Early childhood centres give hope to children in West Nile

A nursery pupil entertains guests, who include State Minister for Primary Education, Dr Joyce Moriku, at Jojoyi Nursery School in Madi Okollo District on November 24. PHOTO/FELIX WAROM OKELLO

What you need to know:

  • As part of its humanitarian response, Brac Uganda with funding of $5 million is targeting enrolment of 4,050 learners through construction of 34 classroom blocks at ECD centres, with 19 in Terego and 15 in Madi-Okollo. 

About 200 metres away from Jakisa Early Childhood Development (ECD) Centre in Imvepi refugee settlement, we are welcomed by melodious voices of children. 

When we arrive at the centre, we find the youngsters singing and dancing in cycles.

While some do not have school uniforms or shoes, they are eager to learn under close observation of caregivers, relatives and Good Samaritans.

The jolly mood at the centre is a sharp contrast to what transpired in the refugee settlement about three years ago when the children were learning in mud-wattle grass-thatched shelters. Some studied under trees and on rainy days, lessons were suspended.

The construction of the ECD centres in the settlement and in many rural areas in some parts of West Nile Sub-region hasgiven hope of acquiring education to thousands of children who cannot afford nursery education that is in the hands of private proprietors

One of the children at the centre said she is now able to read numbers from 1 to 20 since joining last term.

“I can now count numbers and read some. I know with time, I will be able to write like other children. I thought I would not step in a classroom because of the war [in South Sudan],” she says.

At the school, the children are guided with materials that are locally made by their teachers. 

One of the parents, Ms Christine Awekonimungu, says: “Before, we struggled to have these children learn under trees and in churches because we know the importance of education. I am not educated, but I want my child to learn because illiteracy is bad.”

She says there is a need to provide more learning materials for the centre so that there is quality learning. 

“I feel happy that my child is learning. And I know he will learn more things. He is able to sing and I am hopeful he will study. I will work hard to ensure that I pay his school fees and provide food for him at school,” she said.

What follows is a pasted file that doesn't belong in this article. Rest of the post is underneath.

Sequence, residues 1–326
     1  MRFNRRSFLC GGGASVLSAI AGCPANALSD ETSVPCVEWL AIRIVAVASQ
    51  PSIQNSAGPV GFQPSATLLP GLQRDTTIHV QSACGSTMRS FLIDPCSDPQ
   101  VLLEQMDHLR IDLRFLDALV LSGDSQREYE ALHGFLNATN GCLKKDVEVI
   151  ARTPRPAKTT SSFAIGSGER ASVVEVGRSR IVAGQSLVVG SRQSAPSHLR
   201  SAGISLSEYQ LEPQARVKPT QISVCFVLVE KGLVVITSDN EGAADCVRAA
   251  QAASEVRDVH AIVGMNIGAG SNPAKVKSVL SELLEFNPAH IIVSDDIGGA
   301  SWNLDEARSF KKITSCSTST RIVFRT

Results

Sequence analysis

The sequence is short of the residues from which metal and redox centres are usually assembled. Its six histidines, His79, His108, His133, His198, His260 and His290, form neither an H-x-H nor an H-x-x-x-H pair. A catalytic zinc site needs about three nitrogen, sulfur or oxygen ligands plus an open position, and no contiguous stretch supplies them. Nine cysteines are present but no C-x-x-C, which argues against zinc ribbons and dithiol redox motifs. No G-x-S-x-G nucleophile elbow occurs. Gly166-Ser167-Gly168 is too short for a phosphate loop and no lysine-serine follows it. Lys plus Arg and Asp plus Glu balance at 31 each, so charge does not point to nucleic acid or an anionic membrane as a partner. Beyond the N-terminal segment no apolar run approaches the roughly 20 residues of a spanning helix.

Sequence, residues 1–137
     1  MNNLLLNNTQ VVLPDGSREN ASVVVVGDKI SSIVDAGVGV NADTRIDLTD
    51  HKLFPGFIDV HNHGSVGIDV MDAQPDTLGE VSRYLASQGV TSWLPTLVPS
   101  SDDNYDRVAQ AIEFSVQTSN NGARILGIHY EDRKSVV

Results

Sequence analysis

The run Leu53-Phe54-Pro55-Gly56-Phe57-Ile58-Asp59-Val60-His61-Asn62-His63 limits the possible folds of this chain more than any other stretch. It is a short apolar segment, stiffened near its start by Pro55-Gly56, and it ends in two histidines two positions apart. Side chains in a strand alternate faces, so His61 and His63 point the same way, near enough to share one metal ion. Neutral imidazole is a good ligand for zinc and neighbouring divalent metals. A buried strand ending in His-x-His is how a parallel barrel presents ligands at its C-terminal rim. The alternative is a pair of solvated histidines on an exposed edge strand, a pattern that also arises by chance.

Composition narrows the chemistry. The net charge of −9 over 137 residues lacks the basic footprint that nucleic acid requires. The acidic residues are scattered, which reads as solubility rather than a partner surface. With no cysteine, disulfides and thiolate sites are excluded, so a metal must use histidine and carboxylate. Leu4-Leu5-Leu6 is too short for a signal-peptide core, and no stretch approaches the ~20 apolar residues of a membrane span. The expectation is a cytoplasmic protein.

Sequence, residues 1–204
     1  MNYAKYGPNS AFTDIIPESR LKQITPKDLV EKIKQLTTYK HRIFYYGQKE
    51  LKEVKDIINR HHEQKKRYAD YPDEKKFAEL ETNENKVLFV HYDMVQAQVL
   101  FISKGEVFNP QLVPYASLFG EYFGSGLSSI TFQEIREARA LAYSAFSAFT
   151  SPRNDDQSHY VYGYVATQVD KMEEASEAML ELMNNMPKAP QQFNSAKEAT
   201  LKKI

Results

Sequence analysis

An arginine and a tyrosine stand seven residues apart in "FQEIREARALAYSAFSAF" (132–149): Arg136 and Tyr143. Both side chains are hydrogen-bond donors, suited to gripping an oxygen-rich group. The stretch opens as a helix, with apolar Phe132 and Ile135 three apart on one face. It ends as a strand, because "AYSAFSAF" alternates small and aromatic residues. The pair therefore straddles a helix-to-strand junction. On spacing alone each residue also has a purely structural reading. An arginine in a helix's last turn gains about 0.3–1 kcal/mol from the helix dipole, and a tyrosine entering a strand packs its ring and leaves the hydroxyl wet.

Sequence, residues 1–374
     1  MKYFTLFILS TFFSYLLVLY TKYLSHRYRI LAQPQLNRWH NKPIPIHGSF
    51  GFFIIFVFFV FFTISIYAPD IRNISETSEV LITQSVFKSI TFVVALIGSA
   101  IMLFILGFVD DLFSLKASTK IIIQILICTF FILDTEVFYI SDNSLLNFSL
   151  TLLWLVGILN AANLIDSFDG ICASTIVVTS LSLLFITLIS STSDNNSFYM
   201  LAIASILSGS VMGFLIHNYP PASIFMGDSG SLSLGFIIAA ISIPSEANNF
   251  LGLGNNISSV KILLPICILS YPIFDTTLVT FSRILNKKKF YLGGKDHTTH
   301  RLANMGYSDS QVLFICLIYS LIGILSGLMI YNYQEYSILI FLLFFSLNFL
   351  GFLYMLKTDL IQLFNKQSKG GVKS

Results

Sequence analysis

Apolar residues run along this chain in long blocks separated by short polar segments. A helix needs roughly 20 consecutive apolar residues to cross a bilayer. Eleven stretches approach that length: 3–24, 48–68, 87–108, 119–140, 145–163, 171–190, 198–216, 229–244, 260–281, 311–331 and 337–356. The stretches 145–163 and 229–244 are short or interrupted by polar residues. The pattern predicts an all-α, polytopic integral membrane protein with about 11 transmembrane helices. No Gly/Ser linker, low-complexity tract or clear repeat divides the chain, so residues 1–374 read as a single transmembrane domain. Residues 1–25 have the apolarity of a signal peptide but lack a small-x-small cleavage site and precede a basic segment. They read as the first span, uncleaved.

Community-based ECD centres receive little state funding and often lack the bare essentials such as clean water and toilets, and are managed by untrained volunteers.

Jakisa ECD centre, which has about 300 learners, was uplifted from grass-thatched to a permanent classroom block by Brac Uganda. 

The other is Belia ECD centre in Ewadri Village, Odupi Sub-county in Terego District, which has116 learners.

Ms Immaculate Oridriyo, an ECD teacher, says: “At the beginning, children were not able to read and write. But now they are able to do all these things. That means they are learning and they are fighting illiteracy.”

She says it is not easy to teach the children. “Some will be crying, falling asleep during lessons. But we have to be resilient to teach them. Eventually, they are learning,” she said. 

As part of its humanitarian response, Brac Uganda with funding of $5 million is targeting enrolment of 4,050 learners through construction of 34 classroom blocks at ECD centres, with 19 in Terego and 15 in Madi-Okollo. 

The Brac Country Director, Ms Spera Atuhairwe, says: “We want to ensure that the centres are registered and licensed because they are helping rural children to learn.”

Ms Atuhairwe added: “We still have children who have not attained education. Their parents are struggling. Some of them are in despair, lost hope and want to revive that lost hope so that they achieve their destiny.”  

The State Minister of Education for Primary Education, Dr Joyce Moriku, emphasises the importance of ECD centres.

“We should not ignore the role ECD plays in the brain development of a child. It is not only fighting illiteracy but a path to transformation of a child. Let us think about the life of a child who is growing without education. Let us ensure they progress and complete the primary cycle,” she says. 

The Assistant Commissioner for Pre-Primary Education in the Ministry of Education, Ms Elizabeth Mbatudde, says there was a need to register the ECD centres in order to guard against compromise of quality education.

“The education department at districts should register and license centres to enable proper planning by government and other partners,” she says.

The Early Childhood Care and Education (ECCE) Policy of 2018 indicates that to increase equitable access towards universal provision of education, the government will allocate targeted subsidies towards provision of ECCE in vulnerable communities.

It also states that the government will also develop a strategy for developing ECCE centre infrastructure, learning materials and other inputs in under-resourced communities.